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Hot springs in Canada

Hot springs in Canada

One of my greatest memories as a twenty-something was working in the Kootenays of southeastern British Columbia and hanging out in its natural hot springs.

Eastern Canada may have mineral springs but Western Canada is where it’s at when it comes to hot springs. Since my twenties, we’ve tried springs in the Kootenays, British Columbia, in nearby Banff, Alberta and even springs on the Pacific Ocean off of Vancouver Island.

My all-time favourite is the Lussier Hot Springs. This all-natural variety is up a logging road outside of Canal Flats, a small mill town on the south end of Columbia Lake in the Kootenays. Damn if I couldn’t find the springs to show Glenn on our last trip out there. Still, they’re burned in my memory because they were so great. Didn’t know their true name though before writing this post and I learned that they’re part of an actual British Columbia provincial park called Whiteswan Lake.


In my twenties, I worked at nearby Fairmont Hot Springs, a four-season, family resort that has natural springs and a massive hot springs pool. A bunch of us who worked at Fairmont would often pile into my buddy Andy’s old Volkswagon Fastback and head for Lussier. The thing was a tank with an engine in the back that gave us good traction up the logging road. I remember locals telling us to avoid the place in spring because of bears coming out of hibernation. I have no idea if this is true, but park authorities could tell you. In my day there were two pools. One was enclosed in a tiny, wood building and SO HOT that I could only stand it for maybe thirty seconds. The other was down a little path towards a fast moving river. It was much larger and easier to sit in for longer periods of time. The gang hung out there on many a night.

Glenn discovered his favourite hot springs in Maquinna Marine Provincial Park off of Tofino on an early spring road trip on Vancouver Island. The springs are a boat ride from the town of Tofino. Spring is the perfect time of year to go if you want to experience natural springs without hordes of others. It was just Glenn and me and a couple of German visitors who took a zodiac boat tour from Tofinoto the park. April is when the spring grey whale migration takes place and we were hoping to see some whales. This didn’t happen but enroute we did see a bear on an island shoreline and lots of bald eagles and eagle nests. Once in the park, we walked down a boardwalk through Old Growth Forest eventually coming out to a rocky area with a geothermal waterfall and several rocky pools. Some were hot and others were FREEZING. In Glenn’s words:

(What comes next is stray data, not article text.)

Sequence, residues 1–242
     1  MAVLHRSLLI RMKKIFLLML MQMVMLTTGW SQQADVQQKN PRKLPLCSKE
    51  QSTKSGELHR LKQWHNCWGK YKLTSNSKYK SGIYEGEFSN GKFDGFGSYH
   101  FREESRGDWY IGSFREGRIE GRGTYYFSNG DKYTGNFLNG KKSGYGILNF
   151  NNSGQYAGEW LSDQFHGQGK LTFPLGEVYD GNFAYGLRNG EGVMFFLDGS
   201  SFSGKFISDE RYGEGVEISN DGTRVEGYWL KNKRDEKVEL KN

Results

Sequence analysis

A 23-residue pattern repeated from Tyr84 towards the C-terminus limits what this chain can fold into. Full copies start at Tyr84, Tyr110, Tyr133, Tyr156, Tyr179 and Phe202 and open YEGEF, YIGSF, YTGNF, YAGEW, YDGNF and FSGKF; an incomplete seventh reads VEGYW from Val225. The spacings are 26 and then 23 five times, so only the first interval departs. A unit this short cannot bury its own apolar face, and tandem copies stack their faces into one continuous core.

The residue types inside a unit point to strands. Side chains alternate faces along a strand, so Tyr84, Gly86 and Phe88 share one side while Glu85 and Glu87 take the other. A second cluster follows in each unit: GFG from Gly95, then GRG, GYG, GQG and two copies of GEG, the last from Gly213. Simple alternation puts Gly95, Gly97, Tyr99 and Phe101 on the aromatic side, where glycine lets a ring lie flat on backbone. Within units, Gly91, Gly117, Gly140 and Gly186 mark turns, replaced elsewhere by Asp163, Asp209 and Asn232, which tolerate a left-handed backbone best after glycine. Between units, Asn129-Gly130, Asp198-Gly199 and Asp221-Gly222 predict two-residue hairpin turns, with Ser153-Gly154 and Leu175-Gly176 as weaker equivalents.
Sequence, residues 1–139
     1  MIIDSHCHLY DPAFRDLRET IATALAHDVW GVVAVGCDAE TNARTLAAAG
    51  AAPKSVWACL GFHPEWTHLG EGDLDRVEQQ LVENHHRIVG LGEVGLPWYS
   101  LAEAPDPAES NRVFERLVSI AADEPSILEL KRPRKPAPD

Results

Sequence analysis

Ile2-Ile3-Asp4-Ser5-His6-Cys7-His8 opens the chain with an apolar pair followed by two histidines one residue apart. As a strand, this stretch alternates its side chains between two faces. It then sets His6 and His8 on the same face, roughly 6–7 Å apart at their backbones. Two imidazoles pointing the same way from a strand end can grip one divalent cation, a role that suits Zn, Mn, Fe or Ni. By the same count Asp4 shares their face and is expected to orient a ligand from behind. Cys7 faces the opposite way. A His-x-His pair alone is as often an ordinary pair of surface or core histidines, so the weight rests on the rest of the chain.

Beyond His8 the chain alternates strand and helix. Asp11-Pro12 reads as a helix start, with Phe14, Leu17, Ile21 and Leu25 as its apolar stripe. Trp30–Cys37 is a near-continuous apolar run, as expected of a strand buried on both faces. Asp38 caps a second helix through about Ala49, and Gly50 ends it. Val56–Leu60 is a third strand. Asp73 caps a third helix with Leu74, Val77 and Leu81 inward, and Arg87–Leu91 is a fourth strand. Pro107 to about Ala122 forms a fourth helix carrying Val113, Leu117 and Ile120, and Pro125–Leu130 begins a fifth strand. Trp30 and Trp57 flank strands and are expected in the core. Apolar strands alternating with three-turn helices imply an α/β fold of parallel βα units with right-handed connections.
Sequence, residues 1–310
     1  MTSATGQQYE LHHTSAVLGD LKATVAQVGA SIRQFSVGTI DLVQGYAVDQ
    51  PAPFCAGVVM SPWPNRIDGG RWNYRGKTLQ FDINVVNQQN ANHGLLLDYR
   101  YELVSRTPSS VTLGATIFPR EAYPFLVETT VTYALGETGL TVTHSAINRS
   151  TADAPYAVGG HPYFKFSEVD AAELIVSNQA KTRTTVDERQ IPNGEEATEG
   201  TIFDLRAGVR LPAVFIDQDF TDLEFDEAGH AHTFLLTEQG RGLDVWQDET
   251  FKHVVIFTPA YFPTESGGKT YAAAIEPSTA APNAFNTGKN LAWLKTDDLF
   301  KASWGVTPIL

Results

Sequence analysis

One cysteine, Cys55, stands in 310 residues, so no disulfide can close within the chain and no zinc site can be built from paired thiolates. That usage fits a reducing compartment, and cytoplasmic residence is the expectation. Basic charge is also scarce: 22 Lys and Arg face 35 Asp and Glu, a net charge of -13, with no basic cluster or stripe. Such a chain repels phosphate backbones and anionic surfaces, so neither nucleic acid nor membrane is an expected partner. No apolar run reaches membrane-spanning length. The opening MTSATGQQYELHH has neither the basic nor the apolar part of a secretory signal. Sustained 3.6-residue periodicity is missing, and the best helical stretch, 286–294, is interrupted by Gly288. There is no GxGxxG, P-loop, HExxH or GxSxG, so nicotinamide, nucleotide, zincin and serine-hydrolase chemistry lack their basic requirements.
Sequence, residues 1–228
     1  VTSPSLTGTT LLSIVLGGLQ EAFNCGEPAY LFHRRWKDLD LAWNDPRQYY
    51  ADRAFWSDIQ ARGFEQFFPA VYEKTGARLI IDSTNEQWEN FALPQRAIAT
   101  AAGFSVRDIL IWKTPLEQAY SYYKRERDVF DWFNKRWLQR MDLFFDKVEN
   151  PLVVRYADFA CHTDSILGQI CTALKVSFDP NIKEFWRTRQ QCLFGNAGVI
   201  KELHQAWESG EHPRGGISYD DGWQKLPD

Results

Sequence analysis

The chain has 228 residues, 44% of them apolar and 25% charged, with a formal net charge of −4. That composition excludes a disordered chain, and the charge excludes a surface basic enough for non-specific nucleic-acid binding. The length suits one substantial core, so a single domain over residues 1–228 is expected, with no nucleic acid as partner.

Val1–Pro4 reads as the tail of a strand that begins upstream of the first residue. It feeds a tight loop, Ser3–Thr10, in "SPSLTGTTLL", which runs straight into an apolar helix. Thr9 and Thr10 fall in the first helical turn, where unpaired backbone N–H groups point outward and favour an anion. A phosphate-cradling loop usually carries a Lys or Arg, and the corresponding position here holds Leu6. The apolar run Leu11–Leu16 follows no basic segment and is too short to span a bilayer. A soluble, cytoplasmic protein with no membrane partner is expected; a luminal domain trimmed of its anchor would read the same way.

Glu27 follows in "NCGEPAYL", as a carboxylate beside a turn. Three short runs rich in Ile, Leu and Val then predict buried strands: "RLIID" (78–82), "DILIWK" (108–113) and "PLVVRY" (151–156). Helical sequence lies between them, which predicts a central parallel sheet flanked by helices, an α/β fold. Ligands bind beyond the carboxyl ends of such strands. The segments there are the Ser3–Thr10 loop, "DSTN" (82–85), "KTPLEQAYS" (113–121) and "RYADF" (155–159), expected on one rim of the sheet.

“…the BEST spa experience. A wide open, wild space on the BC coast… next stop, Japan.”

These are other hot springs we’ve been to and while they don’t have the wild feel of the first two, they’re all still worth a good soak…


Fairmont Hot Springs has its charms. To this day it is the only place I’ve ever been where I skied, swam and played golf on the same day. The resort’s massive hot springs pool has change areas with lockers for daytrippers. You can sit in the pool and admire the spectacular Rocky Mountain range rising directly behind the resort. We also spotted lots of little springs bubbling up to the earth’s surface on the ski hill when we walked it in the off-season. We also checked an abandoned bathhouse on the property that I figure must date back to about the 20s and which still has its old marble tubs.

You pass Radium Hot Springs on your way from Banff to Fairmont Hot Springs and British Columbia’s Columbia Valley. It is on a cool section of Kootenay Highway as you come down from the mountains into the Columbia Valley. Very picturesque. The Village of Radium seemed pretty sleepy. We saw more mountain sheep than people around it but the livelier town of Invermere is minutes away and the Panorama Ski Resort beyond it.

Banff, Alberta is where you find Canada’s most famous hot springs. In 1882, a couple of railway workers stumbled on what would become known as Cave and Basin Springs. The workers’ discovery led to the creation of Banff National Park. Today, the Cave and Basin Springs are a national historic site and you can’t bathe in them, but you can try the Banff Upper Hot Springs. The historic bathhouse here is still very much in use. It was built in the 1930s to rival the big spas in Europe. In the late 1990s Parks Canada refurbished the springs and by 2002, the Pleiades Massage & Spa was added.


There are other hot springs in British Columbia that we’ve yet to explore. The provincial tourism office there has developed a Hot Springs Circle Route that you can now follow that includes maps and detailed springs information.

More on Hot Springs Cove and the Tofino Hot Springs Map.

Judy Hammond




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